Being a Mets fan has its inherent dangers. Like watching a game, for instance. That unto itself is risky, especially when you get past the sixth inning. You always seem to be watching this team with both hands in front of your face, occasionally peaking through your fingers to see what gut-wrenching episode is about to unfold.
Of course, there is a thrill to this roller coaster ride of a team, otherwise I would not have put up with such drama for more than 40 years. And don’t just ask me. Ask any Mets fan, especially those old enough to hold out hope for another ’69 or ’86. All those nightmarish seasons in between and since? Just the build-up to another parade though the Canyon of Heroes. Hopefully. Maybe. Please?
Whatever misfortune has befallen my team from Flushing in its almost 50-year history, nothing has tested the mettle of Mets fans like the past four years. It began with Carlos Beltran making like a statue against Adam Wainwright to end the 2006 NLCS. Then there was the historic collapse of 2007. The not-so-historic collapse of 2008 ( a most fitting end to Shea Stadium). And the almost comical (but in reality, quite bizarre) rash of injuries that took down the 2009 campaign. Murphy’s Law anyone (And I don’t mean Bob Murphy)? It’s enough to wipe the smile off of Mr. Met’s big, round face.
And now 2010. A bad start, followed by a few white-hot stretches in May and June that put the Mets in contention. Then the inevitable (I hate to use that word, but as I sit here with my hands in front of my face. . .) collapse. An anemic offense. Shoddy relief pitching. Ineffectual managing. Injuries to star players. And of course, brawls in the players family lounge.
Okay, this is where things get too damn weird for me. I thought I’d seen it all. Especially over the past three-plus seasons. The Duaner Sanchez cab ride. The Great Choke Job of 2007. The early morning whacking of Willie Randolph. Crazy Tony Bernazard. Omar Minaya’s off-the-charts je accuse of Adam Rubin. The curious diagnosis of Jose Reyes. The Ollie Perez standoff.
But nothing can top what has transpired over the past week with Francisco Rodriguez. It’s bad enough that K-Rod sets our stomachs churning every time he takes to the mound. Save or blown save, he always has us biting our fingernails, reaching for the Malox, kicking the cat, or cursing mankind if things get really bad. Who would have thought that anyone could make us forget John Franco, Armando Benitez and Billy Wagner? But that was not enough. After last Wednesday’s 6-2 loss to the Rockies, a typically deflating Mets late-inning meltdown, K-Rod got into a scuffle with his father-in-law or father of his girlfriend, or father of his common-law wife — I’m still not sure which designation is correct, but who really cares?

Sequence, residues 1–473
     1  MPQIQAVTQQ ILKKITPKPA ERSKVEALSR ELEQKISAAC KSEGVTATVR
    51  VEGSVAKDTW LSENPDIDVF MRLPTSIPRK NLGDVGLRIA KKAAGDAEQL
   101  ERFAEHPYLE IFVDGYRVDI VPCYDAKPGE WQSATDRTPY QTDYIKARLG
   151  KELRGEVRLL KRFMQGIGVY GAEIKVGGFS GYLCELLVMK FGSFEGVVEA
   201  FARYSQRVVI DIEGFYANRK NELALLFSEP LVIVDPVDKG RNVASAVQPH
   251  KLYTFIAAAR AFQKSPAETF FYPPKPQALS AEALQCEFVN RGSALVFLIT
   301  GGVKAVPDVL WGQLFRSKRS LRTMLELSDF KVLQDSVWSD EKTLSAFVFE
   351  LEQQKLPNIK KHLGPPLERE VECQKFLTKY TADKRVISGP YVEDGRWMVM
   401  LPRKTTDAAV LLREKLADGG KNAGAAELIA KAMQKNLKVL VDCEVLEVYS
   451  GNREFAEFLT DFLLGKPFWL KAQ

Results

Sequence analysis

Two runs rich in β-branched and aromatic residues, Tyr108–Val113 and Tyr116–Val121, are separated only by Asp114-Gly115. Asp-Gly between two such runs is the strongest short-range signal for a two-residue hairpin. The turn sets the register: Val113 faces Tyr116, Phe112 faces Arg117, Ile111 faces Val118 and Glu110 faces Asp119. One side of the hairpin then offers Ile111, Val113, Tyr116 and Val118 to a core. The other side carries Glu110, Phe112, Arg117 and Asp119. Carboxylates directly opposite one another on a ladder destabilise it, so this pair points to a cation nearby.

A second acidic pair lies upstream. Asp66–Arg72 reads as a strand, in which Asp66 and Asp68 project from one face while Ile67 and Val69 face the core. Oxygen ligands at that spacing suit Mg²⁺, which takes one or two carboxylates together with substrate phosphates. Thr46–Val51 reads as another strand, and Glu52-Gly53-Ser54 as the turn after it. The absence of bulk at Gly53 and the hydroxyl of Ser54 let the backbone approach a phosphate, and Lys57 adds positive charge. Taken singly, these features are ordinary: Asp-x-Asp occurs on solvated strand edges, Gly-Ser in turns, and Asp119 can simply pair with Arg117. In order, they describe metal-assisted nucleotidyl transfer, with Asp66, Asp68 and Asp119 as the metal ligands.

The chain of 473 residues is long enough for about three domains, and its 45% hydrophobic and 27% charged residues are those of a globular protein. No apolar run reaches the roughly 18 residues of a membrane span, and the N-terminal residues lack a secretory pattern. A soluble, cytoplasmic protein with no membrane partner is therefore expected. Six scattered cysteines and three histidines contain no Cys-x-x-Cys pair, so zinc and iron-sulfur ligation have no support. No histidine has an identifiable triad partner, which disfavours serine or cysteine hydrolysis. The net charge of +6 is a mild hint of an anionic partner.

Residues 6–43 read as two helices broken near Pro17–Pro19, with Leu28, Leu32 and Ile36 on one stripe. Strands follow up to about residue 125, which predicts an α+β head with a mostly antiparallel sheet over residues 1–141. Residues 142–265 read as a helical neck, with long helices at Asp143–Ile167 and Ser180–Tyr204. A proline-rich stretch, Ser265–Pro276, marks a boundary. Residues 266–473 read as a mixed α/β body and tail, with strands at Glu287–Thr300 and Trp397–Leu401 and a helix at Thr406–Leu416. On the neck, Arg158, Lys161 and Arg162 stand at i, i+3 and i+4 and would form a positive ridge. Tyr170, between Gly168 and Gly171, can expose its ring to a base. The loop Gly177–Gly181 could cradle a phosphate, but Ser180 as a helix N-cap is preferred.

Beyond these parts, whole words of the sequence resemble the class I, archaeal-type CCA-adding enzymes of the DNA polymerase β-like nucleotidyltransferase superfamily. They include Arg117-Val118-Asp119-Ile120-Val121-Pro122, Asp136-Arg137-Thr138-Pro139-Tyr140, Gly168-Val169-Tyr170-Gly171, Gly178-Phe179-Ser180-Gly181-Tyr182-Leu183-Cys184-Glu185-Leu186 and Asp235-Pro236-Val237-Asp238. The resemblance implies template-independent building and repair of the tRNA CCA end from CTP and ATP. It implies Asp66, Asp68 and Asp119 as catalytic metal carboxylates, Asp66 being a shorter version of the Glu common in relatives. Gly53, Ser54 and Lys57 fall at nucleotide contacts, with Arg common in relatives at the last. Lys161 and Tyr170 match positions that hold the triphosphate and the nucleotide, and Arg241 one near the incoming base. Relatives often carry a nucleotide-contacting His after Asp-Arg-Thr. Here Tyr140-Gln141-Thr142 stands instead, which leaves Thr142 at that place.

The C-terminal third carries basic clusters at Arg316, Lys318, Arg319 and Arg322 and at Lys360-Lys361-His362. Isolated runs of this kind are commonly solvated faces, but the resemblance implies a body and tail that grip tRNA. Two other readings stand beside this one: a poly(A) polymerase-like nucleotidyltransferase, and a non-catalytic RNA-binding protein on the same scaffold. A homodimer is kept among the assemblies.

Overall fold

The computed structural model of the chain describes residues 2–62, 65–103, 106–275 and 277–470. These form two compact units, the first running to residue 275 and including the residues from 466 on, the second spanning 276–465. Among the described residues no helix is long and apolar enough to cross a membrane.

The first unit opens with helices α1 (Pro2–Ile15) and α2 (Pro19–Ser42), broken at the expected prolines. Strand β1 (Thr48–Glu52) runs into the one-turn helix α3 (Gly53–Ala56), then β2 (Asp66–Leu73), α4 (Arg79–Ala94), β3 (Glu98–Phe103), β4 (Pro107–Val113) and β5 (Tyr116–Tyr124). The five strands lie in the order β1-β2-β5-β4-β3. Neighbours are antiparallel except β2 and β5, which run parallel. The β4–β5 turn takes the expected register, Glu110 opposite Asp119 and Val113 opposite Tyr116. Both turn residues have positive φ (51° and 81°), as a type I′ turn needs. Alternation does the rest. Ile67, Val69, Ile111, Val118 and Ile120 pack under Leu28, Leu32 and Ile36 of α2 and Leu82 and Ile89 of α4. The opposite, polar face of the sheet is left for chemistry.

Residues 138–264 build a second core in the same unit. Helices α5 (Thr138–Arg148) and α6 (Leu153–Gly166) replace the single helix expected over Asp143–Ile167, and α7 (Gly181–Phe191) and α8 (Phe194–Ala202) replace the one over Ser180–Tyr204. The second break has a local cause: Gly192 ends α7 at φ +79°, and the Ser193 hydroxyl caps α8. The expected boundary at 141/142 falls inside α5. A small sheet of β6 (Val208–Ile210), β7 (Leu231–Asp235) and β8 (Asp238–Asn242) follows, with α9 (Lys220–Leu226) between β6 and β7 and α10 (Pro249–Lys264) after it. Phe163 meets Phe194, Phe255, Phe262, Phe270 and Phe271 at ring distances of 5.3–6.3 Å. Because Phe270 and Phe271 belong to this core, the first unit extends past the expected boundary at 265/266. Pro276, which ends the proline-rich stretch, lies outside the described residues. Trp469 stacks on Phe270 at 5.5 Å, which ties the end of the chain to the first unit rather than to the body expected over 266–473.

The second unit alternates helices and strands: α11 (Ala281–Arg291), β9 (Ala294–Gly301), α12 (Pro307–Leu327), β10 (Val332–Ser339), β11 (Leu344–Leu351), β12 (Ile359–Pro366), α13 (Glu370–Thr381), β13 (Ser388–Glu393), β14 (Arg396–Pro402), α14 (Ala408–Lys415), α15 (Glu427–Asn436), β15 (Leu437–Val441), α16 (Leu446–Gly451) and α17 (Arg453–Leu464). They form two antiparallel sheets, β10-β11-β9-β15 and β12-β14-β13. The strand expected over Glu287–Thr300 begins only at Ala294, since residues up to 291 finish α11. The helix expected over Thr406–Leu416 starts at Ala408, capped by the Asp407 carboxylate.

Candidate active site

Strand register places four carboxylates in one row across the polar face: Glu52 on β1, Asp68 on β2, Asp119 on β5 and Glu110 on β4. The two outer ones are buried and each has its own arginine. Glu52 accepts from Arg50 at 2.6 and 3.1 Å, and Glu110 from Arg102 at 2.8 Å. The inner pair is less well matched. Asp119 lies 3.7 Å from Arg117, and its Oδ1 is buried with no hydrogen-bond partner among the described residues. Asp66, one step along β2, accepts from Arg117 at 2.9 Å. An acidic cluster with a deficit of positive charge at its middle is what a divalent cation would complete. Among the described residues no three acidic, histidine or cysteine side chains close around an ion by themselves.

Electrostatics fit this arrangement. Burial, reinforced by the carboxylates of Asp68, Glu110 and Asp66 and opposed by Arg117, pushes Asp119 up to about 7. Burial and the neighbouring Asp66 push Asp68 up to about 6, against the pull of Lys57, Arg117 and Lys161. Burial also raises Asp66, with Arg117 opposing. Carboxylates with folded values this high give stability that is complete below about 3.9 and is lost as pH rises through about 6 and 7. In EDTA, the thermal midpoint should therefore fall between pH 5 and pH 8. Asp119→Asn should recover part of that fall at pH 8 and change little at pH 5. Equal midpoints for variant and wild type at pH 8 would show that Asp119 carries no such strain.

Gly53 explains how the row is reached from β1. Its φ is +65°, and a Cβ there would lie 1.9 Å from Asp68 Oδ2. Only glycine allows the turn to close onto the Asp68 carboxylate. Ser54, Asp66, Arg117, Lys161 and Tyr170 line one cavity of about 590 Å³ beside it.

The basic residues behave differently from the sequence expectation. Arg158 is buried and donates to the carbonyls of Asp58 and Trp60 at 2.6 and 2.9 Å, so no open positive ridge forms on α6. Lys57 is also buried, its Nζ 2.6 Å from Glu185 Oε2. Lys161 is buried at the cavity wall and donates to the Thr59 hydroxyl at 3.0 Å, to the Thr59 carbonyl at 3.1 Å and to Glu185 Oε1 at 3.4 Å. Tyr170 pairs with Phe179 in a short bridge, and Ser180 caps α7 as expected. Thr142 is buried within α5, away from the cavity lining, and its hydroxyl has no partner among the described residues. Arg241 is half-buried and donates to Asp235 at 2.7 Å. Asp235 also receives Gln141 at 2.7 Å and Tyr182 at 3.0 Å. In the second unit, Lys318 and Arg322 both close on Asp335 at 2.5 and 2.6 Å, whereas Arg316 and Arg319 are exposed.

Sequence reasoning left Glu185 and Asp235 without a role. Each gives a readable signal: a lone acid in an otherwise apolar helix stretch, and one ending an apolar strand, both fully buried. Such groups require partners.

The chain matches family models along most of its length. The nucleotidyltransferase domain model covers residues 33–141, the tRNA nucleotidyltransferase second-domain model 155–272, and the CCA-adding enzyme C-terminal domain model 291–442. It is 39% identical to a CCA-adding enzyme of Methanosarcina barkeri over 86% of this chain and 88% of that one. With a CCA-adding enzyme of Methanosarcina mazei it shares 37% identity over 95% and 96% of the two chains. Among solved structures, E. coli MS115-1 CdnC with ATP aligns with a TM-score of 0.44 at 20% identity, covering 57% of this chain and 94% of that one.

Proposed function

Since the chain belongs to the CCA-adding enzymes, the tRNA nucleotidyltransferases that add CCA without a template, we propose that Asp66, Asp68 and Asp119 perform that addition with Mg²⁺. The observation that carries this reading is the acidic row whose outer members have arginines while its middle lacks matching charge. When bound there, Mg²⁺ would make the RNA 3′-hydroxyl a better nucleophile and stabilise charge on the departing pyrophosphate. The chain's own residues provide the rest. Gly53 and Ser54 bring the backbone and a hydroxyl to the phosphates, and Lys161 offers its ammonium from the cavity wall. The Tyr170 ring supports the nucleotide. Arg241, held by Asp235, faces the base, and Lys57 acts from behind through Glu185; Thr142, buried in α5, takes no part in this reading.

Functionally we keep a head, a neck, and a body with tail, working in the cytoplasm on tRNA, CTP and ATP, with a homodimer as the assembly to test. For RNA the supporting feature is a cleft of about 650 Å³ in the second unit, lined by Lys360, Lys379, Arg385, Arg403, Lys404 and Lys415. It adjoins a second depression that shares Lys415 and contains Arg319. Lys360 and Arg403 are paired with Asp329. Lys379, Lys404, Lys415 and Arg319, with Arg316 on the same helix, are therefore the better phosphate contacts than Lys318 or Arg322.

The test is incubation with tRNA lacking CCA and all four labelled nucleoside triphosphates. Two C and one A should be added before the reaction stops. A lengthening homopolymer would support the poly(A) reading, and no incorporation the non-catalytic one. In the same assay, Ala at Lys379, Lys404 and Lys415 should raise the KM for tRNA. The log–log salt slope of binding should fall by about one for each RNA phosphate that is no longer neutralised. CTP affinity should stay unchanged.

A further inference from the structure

Anyway, he spends the night in the Citi Field lockup thereby earning the distinction, I believe, of being the first player in baseball history — maybe in all of sports — to spend a night in jail in his own ballpark. What a high honor that must be! But there’s more. While pounding his poor father-in-law’s face, K-Rod injures his thumb and is out for the season. Lovely.
I can only hope there is a silver lining here, although Mets fans aren’t big on silver linings — mainly because they exist only in our tortured imaginations. Perhaps, as it being reported all over the news today, and likely for many days and weeks to come, this is an opportunity for the Mets to show K-Rod the door. Find a way to void his contract. And why not? He is physically unable to perform his duties as the result of a criminal act that he committed in the presence of the wives and children of his teammates. That would get most of us fired here in the real world. And most of us don’t earn $12 million for working six months out of the year.
The Players Association, which amazingly cried foul when the Mets tried to suspend K-Rod for more than two games — two games! — will fight this to the bloody end, and likely will prevail as they are very, very good at protecting their members from loss of income and urine tests. In baseball, it seems you literally have to commit murder to have your contract voided.
I hope that somehow, some way, the Mets find a way to jettison K-Rod from Queens. It would go a long way toward rebuilding the trust of us long-suffering fans and hopefully exorcise some of the demons that have inhabited the swirling winds off Flushing Bay for so many years.
Assuredly, I’ll be watching the developments of this latest grim chapter in Mets misery with great interest. With both hands in front of my face, of course.